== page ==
Jaroslaw Hryszko and Lech Madeyski
Software defect prediction is a promising approach aiming to increase software quality and, as a result, development pace. Unfortunately, the cost effectiveness of software defect prediction in industrial settings is not eagerly shared by the pioneering companies. In particular, this is the first attempt to investigate the cost effectiveness of using the DePress open source software measurement framework (jointly developed by Wroclaw University of Science and Technology, and Capgemini software development company) for defect prediction in commercial software projects. We explore whether defect prediction can positively impact an industrial software development project by generating profits. To meet this goal, we conducted a defect prediction and simulated potential quality assurance costs based on the best possible prediction results when using a default, non-tweaked DePress configuration, as well as the proposed Quality Assurance (QA) strategy. Results of our investigation are optimistic: we estimated that quality assurance costs can be reduced by almost 30% when the proposed approach will be used, while estimated DePress usage Return on Investment (ROI) is fully 73 (7300%), and Benefits Cost Ratio (BCR) is 74. Such promising results, being the outcome of the presented research, have caused the acceptance of continued usage of the DePress-based software defect prediction for actual industrial projects run by Volvo Group.
Robert Susmaga and Izabela Szczęch
The paper considers particular interestingness measures, called confirmation measures (also known as Bayesian confirmation measures), used for the evaluation of “if evidence, then hypothesis” rules. The agreement of such measures with a statistically sound (significant) dependency between the evidence and the hypothesis in data is thoroughly investigated. The popular confirmation measures were not defined to possess such form of agreement. However, in error-prone environments, potential lack of agreement may lead to undesired effects, e.g. when a measure indicates either strong confirmation or strong disconfirmation, while in fact there is only weak dependency between the evidence and the hypothesis. In order to detect and prevent such situations, the paper employs a coefficient allowing to assess the level of dependency between the evidence and the hypothesis in data, and introduces a method of quantifying the level of agreement (referred to as a concordance) between this coefficient and the measure being analysed. The concordance is characterized and visualised using specialized histograms, scatter-plots, etc. Moreover, risk-related interpretations of the concordance are introduced. Using a set of 12 confirmation measures, the paper presents experiments designed to establish the actual concordance as well as other useful characteristics of the measures.
Mikhail Y. Kovalyov
A recently introduced lot scheduling problem is considered. It is to find a partition of jobs of n orders into lots and to sequence these lots on a single machine so that the total average completion time of the orders is minimized. A simple O(n log n) time algorithm is presented for this problem in the literature, with a relatively sophisticated proof of its optimality. We show that modeling this problem as a classic batching machine problem makes its optimal solution obvious.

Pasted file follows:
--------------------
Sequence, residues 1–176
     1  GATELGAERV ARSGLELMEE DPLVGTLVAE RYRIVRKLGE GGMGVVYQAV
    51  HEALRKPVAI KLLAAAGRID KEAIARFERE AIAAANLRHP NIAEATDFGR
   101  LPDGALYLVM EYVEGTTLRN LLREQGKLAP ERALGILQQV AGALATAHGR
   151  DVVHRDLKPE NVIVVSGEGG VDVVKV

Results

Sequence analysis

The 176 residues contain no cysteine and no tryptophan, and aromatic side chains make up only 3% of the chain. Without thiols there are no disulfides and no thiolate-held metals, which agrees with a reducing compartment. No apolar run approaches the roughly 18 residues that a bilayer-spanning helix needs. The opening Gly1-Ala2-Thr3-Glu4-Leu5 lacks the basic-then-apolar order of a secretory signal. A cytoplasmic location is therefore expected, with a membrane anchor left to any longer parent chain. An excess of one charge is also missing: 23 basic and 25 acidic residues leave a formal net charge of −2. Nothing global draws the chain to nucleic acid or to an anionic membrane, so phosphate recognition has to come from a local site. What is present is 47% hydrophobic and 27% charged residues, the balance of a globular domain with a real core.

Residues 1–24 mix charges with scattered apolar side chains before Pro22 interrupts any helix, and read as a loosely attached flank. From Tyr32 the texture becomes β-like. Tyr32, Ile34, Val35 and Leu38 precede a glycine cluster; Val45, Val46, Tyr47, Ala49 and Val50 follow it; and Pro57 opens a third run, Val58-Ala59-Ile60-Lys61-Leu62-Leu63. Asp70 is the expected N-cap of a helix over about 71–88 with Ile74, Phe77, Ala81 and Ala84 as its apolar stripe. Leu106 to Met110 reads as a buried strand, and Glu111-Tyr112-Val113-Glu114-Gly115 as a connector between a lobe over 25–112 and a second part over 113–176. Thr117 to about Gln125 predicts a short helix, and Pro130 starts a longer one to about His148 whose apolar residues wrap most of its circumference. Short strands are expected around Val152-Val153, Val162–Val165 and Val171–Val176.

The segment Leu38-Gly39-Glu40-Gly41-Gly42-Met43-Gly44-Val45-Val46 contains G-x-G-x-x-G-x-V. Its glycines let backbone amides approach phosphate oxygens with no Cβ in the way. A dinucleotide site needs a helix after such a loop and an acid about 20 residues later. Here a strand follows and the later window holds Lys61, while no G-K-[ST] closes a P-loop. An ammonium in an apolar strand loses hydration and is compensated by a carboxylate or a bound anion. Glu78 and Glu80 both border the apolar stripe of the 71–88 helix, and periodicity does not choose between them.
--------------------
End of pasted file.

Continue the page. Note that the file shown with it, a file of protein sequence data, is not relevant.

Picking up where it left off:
This paper attempts to replicate the results of evaluating several artificial agents using the Algorithmic Intelligence Quotient test originally reported by Legg and Veness. Three experiments were conducted: One using default settings, one in which the action space was varied and one in which the observation space was varied. While the performance of freq, Q0, Qλ, and HLQλ corresponded well with the original results, the resulting values differed, when using MC-AIXI. Varying the observation space seems to have no qualitative impact on the results as reported, while (contrary to the original results) varying the action space seems to have some impact. An analysis of the impact of modifying parameters of MC-AIXI on its performance in the default settings was carried out with the help of data mining techniques used to identifying highly performing configurations. Overall, the Algorithmic Intelligence Quotient test seems to be reliable, however as a general artificial intelligence evaluation method it has several limits. The test is dependent on the chosen reference machine and also sensitive to changes to its settings. It brings out some differences among agents, however, since they are limited in size, the test setting may not yet be sufficiently complex. A demanding parameter sweep is needed to thoroughly evaluate configurable agents that, together with the test format, further highlights computational requirements of an agent. These and other issues are discussed in the paper along with proposals suggesting how to alleviate them. An implementation of some of the proposals is also demonstrated.